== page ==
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Virtual accounts, part 1: Payments struggle with reality

Despite their benefits, virtual bank accounts have failed to gain traction with the world’s largest corporations.

Businessman holding modern virtual interface banking in hand with icon network connection, shopping and mobile payment online
ipopba/Getty Images/iStockphoto

Swiss multinational healthcare company Roche has embraced the use of virtual accounts. These sub-accounts, which are linked to one physical current account, fit with the company’s strategy of centralizing visibility of cash, switching to ‘on behalf’ collections and disconnecting local subsidiaries from banks. Indeed, around a quarter of its subsidiaries now have no bank account in their own name.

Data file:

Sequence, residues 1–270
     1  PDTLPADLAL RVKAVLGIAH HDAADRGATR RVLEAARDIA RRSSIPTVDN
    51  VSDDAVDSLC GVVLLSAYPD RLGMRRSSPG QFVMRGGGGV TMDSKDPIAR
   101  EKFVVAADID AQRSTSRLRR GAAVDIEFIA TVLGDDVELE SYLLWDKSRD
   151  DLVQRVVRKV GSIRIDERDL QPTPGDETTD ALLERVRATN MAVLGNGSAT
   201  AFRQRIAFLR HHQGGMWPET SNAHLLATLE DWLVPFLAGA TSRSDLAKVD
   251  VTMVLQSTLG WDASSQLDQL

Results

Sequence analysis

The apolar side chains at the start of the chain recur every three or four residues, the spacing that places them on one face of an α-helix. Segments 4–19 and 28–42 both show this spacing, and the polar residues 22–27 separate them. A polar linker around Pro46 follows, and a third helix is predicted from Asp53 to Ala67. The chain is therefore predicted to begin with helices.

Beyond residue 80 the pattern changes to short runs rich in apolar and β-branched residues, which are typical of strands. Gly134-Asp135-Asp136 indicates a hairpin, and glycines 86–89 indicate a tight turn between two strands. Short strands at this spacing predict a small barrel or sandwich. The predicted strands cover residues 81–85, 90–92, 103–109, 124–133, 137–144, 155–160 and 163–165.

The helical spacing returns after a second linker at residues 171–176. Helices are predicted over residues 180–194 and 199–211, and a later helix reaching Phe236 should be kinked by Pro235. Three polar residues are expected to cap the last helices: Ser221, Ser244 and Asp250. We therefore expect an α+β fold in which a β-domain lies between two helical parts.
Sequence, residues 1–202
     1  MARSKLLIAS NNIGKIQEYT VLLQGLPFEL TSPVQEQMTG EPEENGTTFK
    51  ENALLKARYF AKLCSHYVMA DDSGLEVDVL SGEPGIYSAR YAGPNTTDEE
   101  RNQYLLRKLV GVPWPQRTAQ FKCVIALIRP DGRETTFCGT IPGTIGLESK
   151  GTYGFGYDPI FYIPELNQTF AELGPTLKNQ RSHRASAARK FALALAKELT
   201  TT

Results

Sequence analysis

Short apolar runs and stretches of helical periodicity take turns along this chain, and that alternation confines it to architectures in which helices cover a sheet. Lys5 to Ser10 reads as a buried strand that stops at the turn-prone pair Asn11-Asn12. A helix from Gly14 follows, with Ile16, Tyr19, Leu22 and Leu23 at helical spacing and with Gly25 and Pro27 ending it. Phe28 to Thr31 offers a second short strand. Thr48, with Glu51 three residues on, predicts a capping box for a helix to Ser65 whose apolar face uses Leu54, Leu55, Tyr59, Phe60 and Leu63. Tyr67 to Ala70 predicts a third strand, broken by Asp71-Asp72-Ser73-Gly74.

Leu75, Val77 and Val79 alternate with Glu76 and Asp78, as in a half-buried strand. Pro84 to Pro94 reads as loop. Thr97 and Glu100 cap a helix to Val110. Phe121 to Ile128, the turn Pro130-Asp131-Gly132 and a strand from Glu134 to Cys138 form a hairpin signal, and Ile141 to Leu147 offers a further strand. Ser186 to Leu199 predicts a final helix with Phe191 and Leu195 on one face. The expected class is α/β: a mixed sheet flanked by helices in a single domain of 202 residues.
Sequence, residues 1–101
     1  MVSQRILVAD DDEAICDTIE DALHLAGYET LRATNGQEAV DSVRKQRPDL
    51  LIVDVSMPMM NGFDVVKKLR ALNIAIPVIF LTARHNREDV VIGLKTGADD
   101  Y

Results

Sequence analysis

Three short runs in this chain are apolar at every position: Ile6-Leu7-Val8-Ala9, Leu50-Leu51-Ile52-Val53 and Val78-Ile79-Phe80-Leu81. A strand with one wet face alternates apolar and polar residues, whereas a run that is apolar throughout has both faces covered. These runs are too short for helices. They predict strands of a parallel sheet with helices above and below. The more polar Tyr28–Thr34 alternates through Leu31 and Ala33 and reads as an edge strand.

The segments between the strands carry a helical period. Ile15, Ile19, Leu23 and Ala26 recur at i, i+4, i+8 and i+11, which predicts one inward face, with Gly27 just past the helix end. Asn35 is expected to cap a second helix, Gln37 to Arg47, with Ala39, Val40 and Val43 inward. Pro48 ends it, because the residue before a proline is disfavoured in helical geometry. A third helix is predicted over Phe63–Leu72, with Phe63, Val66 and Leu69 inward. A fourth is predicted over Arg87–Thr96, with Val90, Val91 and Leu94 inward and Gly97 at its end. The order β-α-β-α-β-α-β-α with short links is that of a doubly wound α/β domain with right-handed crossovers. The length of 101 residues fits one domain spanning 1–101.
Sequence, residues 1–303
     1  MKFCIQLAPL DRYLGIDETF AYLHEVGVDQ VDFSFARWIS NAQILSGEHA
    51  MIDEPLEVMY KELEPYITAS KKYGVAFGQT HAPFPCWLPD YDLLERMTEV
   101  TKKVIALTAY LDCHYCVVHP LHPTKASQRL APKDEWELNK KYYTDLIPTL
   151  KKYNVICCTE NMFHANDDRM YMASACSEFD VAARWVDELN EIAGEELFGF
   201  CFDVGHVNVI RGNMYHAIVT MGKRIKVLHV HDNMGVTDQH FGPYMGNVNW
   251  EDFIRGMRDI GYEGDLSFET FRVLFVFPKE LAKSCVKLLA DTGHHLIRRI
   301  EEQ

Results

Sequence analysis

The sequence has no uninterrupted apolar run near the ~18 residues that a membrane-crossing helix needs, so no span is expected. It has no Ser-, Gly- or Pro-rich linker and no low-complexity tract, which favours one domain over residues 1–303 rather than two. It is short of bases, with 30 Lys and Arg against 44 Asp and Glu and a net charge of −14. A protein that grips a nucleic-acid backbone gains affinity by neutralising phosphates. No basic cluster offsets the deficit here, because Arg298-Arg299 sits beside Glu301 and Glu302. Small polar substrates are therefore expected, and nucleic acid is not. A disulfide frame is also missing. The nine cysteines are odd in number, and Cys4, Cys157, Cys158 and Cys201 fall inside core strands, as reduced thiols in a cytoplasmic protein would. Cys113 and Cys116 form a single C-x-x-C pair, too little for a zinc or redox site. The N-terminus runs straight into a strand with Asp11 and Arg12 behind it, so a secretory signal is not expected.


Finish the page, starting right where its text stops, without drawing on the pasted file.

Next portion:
The company has created better transparency for on behalf collections as the virtual account number appears as a fixed value in the bank statement according to Stefan Windisch, senior cash manager treasury operations.

“Having a virtual account dedicated to a group subsidiary means we are sure that the subsidiary is the ultimate beneficiary of the funds received in the virtual account,” he adds.

Another head of treasury at a leading aircraft lessor acknowledges there are many advantages to

a virtual account solution, such as automated receivables reconciliation processes and higher invoice matching rates, as well as lower banking charges.

“Virtual accounts generally have a single global documentation source or point of contact as opposed to multiple contacts in different branches within the same bank,” he says.

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